Nuts and Bolts Volume 43
: Famo’s sd.kfz.9. 18ton Zugkraftwagen. Armoured and unarmoured variants
: Published on November 20th, 2019
: Nuts and Bolts
: Dr Nicolaus Hettler
: Soft Cover
: 234 pp incl. covers
: 390 photos: 240 contemporary photographs.
125 colour photographs of the surviving vehicles in public and private collections
30 colour photos of five models.
16 camouflage schemes, tactical markings
4 tables of organsisation (KStN)
2D and some 3D drawings of all known variants incl. Sd.Ah.116
: German & English dual text
Famo sd.kfz.9 18ton Zgkw
When it comes to building things, the quality of the finished work is usually greatly enhanced by correct application of good quality tools.
This also applies to the sources that one uses for back-ground research. With the vast amount of information that one can glean from myriad internet sites, it would appear at first glance that information is both plentiful and easily sourced. This however is not always the case, and there is the worry that what you’re reading might not be correct.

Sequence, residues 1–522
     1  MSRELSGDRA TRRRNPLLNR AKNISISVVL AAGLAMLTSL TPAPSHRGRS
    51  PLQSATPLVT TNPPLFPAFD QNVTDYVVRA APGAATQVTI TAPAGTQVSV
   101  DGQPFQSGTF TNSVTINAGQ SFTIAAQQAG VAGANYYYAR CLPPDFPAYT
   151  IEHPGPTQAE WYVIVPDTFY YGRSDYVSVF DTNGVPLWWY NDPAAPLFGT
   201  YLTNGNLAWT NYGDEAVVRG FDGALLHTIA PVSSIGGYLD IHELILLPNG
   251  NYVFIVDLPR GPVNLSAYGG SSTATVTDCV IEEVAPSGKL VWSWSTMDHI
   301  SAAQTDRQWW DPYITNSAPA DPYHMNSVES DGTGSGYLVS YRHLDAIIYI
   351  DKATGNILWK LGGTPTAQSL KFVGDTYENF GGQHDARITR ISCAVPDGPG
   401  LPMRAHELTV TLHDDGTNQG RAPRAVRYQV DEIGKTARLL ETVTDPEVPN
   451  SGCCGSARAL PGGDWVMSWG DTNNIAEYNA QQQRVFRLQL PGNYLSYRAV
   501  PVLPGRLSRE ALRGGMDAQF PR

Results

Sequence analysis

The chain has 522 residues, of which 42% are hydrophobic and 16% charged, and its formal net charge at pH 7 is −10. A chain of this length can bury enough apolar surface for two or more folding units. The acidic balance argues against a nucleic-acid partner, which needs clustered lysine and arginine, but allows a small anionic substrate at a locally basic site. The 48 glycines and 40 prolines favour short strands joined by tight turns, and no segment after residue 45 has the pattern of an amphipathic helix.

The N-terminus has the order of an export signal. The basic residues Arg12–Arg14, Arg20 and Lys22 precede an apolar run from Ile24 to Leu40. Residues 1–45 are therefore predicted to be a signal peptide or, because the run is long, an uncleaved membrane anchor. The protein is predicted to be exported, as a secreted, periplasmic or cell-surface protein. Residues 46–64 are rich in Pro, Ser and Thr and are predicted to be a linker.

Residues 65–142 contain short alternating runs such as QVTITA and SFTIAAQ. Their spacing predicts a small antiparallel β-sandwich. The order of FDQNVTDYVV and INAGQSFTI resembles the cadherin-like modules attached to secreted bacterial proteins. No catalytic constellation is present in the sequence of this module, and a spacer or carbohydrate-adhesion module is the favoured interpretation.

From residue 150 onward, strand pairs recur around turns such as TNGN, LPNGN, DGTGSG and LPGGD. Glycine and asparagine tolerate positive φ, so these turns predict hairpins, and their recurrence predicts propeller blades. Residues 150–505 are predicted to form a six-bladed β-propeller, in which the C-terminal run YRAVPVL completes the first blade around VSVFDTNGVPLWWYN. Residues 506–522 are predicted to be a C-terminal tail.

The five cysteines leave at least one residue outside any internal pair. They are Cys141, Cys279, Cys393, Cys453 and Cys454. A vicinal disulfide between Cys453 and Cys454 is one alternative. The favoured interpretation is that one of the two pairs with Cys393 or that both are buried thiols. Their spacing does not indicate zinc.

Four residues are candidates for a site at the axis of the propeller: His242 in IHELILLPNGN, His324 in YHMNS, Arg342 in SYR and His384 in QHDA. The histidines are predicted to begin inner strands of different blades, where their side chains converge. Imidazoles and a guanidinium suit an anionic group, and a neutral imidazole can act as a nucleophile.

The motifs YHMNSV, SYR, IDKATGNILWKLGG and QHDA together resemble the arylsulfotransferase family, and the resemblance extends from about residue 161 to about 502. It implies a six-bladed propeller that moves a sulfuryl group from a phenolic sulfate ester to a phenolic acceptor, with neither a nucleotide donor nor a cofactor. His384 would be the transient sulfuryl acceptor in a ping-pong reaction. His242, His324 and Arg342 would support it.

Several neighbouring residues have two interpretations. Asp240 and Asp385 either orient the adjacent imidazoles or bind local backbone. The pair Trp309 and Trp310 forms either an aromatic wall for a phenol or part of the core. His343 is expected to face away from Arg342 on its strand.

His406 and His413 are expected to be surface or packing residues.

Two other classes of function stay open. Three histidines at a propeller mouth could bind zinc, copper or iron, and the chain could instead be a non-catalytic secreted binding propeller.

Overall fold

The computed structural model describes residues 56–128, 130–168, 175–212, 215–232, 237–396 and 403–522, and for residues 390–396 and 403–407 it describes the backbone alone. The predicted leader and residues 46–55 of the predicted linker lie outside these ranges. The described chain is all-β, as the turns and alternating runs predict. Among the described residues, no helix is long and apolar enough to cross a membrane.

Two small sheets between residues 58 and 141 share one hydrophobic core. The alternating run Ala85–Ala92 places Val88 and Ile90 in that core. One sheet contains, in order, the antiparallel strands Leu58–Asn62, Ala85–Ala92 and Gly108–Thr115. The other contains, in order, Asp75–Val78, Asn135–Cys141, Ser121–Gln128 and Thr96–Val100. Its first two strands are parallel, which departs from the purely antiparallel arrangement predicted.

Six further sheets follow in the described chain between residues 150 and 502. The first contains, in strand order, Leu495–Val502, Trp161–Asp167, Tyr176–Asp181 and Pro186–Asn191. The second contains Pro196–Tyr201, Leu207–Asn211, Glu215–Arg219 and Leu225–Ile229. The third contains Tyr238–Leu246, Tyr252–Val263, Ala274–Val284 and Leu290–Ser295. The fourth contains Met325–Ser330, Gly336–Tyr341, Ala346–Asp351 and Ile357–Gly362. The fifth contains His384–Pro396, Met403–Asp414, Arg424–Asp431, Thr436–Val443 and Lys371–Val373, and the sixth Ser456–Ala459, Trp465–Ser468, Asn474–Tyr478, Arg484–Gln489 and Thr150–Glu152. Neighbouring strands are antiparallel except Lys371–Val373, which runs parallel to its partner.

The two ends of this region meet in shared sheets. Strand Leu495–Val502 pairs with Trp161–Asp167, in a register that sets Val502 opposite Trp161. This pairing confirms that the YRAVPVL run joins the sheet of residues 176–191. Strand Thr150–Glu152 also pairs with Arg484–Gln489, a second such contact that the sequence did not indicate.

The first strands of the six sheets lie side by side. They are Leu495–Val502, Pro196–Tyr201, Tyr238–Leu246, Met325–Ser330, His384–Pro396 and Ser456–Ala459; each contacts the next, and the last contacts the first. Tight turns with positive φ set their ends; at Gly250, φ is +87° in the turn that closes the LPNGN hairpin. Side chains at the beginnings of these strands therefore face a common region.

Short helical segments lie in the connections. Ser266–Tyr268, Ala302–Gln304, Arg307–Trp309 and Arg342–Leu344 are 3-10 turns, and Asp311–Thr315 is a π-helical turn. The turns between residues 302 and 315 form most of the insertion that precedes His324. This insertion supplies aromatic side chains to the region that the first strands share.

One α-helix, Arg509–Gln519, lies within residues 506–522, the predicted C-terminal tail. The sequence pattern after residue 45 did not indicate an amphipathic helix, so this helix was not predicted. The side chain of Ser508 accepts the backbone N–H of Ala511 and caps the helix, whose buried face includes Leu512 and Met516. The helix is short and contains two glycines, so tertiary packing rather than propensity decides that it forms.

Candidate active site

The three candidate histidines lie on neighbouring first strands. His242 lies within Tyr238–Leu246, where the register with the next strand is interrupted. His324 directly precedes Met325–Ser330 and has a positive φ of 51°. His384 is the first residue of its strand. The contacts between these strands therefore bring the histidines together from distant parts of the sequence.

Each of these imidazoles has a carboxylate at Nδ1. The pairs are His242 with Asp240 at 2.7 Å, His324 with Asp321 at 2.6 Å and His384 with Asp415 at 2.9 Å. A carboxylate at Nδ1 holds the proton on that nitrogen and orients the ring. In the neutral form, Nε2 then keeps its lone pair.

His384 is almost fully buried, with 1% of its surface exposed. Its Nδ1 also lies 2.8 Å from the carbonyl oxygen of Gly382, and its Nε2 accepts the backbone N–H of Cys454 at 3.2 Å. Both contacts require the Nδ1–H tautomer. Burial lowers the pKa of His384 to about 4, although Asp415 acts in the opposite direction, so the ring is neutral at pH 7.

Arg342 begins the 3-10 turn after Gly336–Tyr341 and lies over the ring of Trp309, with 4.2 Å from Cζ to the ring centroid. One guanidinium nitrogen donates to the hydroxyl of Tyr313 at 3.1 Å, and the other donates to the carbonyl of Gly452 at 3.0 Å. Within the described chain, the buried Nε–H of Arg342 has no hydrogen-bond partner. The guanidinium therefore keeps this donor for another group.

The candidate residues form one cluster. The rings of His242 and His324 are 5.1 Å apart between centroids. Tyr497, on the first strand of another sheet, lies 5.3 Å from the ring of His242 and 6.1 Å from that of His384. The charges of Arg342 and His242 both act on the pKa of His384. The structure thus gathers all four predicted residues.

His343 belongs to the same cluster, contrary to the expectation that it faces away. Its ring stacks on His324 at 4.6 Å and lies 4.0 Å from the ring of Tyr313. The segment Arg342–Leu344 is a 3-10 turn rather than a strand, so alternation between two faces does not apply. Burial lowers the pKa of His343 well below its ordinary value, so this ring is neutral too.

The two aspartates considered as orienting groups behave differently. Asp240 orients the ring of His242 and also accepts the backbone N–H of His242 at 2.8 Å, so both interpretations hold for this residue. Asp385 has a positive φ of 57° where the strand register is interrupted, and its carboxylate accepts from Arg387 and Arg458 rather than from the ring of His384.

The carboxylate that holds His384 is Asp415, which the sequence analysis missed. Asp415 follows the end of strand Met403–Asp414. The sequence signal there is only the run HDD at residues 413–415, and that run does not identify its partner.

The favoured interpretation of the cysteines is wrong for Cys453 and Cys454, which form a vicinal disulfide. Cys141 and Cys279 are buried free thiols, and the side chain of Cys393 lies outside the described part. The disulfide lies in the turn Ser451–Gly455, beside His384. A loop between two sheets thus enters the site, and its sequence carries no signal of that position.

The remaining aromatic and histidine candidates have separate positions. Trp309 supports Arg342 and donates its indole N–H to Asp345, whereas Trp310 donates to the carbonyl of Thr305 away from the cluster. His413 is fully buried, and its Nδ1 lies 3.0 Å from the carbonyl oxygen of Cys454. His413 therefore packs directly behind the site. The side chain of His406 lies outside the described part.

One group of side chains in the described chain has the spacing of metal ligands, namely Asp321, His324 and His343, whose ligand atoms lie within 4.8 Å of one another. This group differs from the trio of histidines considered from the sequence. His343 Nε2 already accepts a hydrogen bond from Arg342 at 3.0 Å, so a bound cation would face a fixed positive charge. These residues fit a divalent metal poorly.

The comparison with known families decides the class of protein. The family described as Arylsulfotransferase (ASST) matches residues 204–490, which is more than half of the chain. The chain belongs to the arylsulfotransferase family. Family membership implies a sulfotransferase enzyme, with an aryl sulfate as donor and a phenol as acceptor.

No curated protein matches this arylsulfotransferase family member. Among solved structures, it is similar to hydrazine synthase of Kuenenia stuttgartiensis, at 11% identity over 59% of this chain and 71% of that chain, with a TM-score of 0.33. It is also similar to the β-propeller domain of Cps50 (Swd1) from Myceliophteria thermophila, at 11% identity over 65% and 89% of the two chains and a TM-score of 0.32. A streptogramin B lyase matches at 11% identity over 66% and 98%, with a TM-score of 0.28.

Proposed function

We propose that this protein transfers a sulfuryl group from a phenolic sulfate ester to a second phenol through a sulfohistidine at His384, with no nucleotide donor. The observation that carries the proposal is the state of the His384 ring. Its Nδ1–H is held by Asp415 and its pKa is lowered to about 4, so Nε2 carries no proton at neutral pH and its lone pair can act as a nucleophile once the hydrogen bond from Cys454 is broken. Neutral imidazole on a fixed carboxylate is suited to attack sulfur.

When it comes to building kits, strait from the box, this for the most part, is not an issue. The ability to go online to search for some photographs to aid in creating an accurate diorama is reasonable and goes some way to assure one of reasonable faithfulness to events, stowage ideas or the terrain in which you are going to place your figure or vehicle.However, big problems await those who wish to scratch build or to super-detail a vehicle.
In the land of the scratch builder a source of accurate photographs and technical information, is king!
This can be solved by clambering over a restored vehicle with the appropriate tools, namely: a tape measure, a camera, a sketch pad and mark 1 eyeball, all the while risking the wrath of the restorers as you leave grubby prints all over their prized work or running ‘foul of the turret monster, which seems to delight in directing one’s head repeatedly into the same sharp or heavy, or both, piece of tank. I have done both and have the plasters to prove it!
The above solution, while great, involves access, either geographical or permission, both of which can be problematical.
So, when a recognised publisher of accurate, clear and well sourced information puts it all in a single well illustrated book, scratch-builders and super-detailers alike should all rejoice and put away their sticking plasters and latex gloves. As for geography? Well the only travelling you need do is to your work bench!